But the present uncertainty is only a symptom of a larger problem affecting the orphans that has surfaced during the NRC exercise in Assam.

Last year, when the complete draft NRC was published on July 30, the fate of orphaned and homeless children got shrouded in a similar doubt. Among the 40-lakh-odd people excluded out of a total of around 3.29 crore applicants, names of a majority of such children in Assam had been missing too. The reason for exclusion at that time was the same as now — a lack of clear instructions from the authorities.

Paresh Baidyakar says that he had applied for around 150 children living in his village in Hojai at the time of the application round in 2015. Among other things, the documents used for the purpose included detailed records of where the children had been brought from and how long they had been living under their care.

“But not a single name came up in the draft NRC published last year. This, we learned later, was because no standard rule had existed till then to cover such cases,” he says.

Father Lukose Cheruvalel, who headed the Snehalaya Child Care Institute in Guwahati between 2001 and late 2015, claims that he had led a delegation in early 2015 to meet Prateek Hajela, the NRC State Coordinator, to raise the issue of orphaned and homeless children in the state.

“We had met him even before the application round for NRC began in mid-2015. This was done so that a proper mechanism could be put in place by the time the process had actually started,” Cheruvalel says.

But to Cheruvalel’s surprise, when the draft NRC came out in July last year, it left out most of these orphan children. He opines: “Given the appeal we had made earlier, to see the names of those excluded children only because of the absence of proper rules in the process, was in a way a denial of juvenile justice.”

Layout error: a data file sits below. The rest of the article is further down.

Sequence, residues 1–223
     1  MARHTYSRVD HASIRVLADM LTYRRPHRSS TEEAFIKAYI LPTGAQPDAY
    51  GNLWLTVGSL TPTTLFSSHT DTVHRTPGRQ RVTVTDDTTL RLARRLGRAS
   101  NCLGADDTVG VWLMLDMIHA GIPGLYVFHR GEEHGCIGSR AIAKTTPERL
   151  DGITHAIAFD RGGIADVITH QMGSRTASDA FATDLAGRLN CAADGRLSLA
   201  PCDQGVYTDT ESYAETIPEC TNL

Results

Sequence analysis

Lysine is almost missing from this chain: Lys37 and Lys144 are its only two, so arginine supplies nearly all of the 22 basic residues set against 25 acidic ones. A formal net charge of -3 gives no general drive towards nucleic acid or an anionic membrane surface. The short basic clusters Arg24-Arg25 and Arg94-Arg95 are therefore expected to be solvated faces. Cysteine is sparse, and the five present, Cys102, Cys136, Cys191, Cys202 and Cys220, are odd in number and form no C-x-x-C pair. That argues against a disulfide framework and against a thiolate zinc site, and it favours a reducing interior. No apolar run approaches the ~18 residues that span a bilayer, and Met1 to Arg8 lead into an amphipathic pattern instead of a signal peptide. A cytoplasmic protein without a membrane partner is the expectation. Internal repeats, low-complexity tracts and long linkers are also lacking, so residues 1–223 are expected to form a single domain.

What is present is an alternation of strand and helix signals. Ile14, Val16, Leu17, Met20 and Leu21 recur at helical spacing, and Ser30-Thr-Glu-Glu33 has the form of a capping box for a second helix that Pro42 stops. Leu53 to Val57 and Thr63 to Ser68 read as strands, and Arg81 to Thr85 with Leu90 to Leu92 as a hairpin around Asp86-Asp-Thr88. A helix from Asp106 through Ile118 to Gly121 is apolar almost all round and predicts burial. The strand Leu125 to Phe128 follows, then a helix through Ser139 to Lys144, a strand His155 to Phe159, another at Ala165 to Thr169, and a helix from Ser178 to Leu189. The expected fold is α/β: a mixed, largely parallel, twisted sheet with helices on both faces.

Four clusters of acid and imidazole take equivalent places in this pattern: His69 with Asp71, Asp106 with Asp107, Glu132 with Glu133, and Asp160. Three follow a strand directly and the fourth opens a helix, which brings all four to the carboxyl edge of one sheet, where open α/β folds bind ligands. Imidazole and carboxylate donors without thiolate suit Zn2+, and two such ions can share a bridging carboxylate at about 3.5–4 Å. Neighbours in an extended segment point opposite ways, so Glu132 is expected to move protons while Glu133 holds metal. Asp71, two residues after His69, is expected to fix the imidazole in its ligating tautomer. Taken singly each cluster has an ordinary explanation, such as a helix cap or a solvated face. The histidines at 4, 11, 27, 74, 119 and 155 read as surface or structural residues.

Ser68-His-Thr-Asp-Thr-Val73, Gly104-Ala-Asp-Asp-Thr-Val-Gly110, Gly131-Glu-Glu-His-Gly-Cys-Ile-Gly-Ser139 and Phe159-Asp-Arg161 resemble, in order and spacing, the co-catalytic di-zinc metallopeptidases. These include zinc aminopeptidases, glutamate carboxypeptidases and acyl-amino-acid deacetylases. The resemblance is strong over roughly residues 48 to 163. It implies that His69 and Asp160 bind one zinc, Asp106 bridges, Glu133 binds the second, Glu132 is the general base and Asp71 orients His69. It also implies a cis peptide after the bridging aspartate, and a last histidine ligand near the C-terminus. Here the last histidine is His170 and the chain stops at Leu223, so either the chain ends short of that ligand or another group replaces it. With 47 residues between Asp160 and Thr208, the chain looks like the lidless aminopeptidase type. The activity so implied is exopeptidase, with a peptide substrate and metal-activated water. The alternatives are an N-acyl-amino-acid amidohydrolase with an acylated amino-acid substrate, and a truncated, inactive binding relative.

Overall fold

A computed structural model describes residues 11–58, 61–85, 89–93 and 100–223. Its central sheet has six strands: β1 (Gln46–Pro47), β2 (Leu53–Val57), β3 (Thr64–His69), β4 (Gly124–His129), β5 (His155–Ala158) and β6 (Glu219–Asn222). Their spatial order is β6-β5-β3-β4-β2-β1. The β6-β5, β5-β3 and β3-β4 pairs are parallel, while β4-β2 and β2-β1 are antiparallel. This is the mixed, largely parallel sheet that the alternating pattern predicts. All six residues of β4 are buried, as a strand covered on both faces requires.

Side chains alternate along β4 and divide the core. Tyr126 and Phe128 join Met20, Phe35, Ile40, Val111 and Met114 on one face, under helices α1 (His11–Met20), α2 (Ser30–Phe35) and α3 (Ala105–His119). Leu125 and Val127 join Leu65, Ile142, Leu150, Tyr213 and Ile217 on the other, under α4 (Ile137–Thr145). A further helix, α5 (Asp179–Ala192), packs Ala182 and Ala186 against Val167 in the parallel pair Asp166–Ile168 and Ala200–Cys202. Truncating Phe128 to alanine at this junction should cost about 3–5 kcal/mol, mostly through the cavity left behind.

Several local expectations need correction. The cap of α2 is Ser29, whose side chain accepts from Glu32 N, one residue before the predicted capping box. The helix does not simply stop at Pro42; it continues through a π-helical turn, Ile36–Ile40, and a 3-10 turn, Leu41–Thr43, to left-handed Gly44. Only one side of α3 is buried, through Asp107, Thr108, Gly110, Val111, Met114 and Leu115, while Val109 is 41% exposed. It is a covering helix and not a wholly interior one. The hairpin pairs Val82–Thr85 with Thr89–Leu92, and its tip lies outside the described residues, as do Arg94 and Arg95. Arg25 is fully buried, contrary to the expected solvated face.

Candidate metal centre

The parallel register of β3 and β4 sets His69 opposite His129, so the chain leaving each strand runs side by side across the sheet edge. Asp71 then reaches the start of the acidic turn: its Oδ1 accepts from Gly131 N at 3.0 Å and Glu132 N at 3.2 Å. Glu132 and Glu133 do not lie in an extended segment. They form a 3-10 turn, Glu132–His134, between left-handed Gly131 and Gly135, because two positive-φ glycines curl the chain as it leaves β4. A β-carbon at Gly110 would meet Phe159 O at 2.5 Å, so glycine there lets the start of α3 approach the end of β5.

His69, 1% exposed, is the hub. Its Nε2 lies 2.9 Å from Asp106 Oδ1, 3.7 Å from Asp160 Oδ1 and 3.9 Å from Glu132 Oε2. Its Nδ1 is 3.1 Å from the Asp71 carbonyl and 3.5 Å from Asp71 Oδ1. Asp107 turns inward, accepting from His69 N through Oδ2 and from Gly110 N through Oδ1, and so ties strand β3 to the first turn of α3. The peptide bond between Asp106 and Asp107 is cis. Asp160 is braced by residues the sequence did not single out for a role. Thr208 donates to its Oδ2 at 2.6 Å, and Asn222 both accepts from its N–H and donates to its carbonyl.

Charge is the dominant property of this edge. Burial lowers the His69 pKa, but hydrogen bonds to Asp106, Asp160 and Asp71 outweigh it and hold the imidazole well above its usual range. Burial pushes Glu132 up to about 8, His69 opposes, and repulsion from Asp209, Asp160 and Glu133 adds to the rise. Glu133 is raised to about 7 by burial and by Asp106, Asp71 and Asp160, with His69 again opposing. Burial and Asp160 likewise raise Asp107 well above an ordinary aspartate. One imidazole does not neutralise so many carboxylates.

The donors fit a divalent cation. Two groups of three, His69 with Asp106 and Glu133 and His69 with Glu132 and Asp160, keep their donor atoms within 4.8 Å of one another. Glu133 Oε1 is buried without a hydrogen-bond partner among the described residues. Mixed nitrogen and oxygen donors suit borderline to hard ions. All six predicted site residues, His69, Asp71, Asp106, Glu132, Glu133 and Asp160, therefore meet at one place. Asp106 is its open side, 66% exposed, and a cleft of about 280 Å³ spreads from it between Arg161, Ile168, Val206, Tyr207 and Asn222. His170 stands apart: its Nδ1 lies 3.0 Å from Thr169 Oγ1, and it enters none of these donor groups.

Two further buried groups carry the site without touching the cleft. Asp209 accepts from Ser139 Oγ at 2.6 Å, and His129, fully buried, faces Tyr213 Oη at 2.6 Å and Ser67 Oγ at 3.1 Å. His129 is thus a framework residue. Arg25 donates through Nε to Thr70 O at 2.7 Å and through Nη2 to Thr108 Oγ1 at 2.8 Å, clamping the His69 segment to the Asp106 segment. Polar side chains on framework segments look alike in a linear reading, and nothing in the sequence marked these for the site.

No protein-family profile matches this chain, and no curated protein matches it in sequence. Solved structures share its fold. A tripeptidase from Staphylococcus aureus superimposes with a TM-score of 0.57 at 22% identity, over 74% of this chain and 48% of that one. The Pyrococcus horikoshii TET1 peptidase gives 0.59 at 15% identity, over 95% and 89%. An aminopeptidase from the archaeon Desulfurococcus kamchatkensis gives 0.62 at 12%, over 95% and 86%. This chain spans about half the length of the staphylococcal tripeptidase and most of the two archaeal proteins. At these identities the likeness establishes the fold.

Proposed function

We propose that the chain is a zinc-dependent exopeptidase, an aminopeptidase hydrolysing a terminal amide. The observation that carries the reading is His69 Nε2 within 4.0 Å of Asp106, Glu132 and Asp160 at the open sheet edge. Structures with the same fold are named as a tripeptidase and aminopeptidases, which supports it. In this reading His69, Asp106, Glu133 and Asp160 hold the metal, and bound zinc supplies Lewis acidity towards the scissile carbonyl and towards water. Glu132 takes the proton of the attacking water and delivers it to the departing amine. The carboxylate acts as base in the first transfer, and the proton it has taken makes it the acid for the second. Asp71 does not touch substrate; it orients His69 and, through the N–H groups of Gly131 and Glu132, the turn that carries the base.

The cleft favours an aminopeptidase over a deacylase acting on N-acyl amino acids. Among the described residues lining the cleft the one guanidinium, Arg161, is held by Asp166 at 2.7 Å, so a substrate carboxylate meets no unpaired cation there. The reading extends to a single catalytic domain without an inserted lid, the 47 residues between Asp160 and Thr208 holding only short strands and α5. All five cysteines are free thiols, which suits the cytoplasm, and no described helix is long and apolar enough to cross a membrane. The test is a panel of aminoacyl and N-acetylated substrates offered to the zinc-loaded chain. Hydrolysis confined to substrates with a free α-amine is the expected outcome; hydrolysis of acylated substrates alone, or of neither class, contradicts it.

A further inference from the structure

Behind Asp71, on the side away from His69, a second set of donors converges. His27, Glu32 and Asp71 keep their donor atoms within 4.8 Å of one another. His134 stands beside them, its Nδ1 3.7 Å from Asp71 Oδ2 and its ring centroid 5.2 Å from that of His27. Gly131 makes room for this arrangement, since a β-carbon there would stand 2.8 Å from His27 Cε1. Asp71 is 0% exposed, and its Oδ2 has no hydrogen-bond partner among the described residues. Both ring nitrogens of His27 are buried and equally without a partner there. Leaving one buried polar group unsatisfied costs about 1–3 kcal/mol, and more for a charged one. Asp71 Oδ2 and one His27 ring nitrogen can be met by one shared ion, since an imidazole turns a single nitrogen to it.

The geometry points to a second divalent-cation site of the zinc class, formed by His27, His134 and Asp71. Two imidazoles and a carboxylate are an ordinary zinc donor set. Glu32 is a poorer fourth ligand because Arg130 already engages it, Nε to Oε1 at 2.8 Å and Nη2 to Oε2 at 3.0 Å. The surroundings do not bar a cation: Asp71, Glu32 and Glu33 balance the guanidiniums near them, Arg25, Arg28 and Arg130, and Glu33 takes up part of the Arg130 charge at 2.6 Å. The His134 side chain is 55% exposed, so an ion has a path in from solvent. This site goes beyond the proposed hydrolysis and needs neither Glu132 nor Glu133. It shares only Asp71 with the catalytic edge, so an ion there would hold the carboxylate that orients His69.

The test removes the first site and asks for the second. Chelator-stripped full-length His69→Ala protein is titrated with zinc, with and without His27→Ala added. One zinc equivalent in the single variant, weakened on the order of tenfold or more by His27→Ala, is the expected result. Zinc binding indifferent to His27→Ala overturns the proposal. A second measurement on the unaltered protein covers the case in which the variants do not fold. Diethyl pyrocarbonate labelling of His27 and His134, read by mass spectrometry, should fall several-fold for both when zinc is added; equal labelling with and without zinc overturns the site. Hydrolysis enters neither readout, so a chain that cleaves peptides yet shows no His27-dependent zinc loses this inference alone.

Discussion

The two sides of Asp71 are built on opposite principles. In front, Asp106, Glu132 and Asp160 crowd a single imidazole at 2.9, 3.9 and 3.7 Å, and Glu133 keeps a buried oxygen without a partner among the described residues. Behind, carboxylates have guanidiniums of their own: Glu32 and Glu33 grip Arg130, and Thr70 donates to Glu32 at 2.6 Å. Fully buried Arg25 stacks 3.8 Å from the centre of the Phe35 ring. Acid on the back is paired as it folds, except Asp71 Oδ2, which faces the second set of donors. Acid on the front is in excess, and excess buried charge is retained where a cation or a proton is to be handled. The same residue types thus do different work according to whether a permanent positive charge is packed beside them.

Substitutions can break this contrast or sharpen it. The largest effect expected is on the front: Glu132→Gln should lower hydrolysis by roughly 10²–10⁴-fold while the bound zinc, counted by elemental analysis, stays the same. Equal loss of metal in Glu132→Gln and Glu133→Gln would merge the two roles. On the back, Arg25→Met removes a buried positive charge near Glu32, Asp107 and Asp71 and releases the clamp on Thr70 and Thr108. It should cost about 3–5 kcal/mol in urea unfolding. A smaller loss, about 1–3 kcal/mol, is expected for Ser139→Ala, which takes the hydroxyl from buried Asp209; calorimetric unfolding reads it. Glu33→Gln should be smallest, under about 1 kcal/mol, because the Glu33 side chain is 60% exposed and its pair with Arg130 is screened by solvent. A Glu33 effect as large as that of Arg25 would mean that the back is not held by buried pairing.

The problem was however addressed eventually, but not before November. A series of guidelines, approved by the Supreme Court and labelled as the Standard Operating Procedure (SOP), came in place to lay down a set of modalities.

These were to be followed for two purposes: first, reapplication for those whose names were omitted from the draft NRC; and second, for raising objections against allegedly suspect names included in the draft NRC. The process, known as ‘Claims and Objections’, ran between September 25 and December 31 last year. All such claims and objections began to be verified by the NRC authority shortly after that.

Regarding the orphaned and destitute children, the SOP adopted a relaxed stance. Simply put, it stated that unlike other applicants, the documents submitted by the institutional homes on the children’s behalf will not require to be supported by anything else. Their citizenship, the clause continued, will be ascertained after the necessary verification of those papers by a committee of certain specified officials at the circle and district levels.

According to Subodh Das, this was a breather to all of them. He says that the authorised committee now accepted and verified the same sets of documents that had not been considered earlier.

“This allowed us to reapply for 140 children who had been left out last year. We have been assured that all of them will find their names in the upcoming citizens’ register on August 31,” Das adds with satisfaction.

While the SOP has plugged the initial procedural loopholes, there still remain a few loose ends to tie up. The problem surrounding the children who have joined care homes after 2015 is the most immediate one.

However, as things stand at the moment, in the run-up to August 31, all one can do is wait and pray.

“Now that there is hardly any time left, we just hope that the authority will deal with all such cases on a priority basis after the NRC publication. They should come up with something similar to last year’s SOP,” says Anamika Baruah, a Coordinator at Snehalaya in Guwahati, who, like many others, is happy with the manner in which the SOP addressed the previous shortcomings relating to the orphans. “If such modalities come into effect again, we believe all the remaining children can be easily included in the citizens’ register. There shouldn’t be much of a bother. But till then, let’s just wait and watch,” she sums up with anticipation.